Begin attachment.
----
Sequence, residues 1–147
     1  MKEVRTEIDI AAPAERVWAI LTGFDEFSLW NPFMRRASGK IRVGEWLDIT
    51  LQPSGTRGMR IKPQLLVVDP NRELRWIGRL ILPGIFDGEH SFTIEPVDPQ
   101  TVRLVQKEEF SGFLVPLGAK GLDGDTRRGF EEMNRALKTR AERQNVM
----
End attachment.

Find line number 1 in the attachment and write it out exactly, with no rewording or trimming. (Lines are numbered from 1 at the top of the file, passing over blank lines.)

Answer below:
Sequence, residues 1–147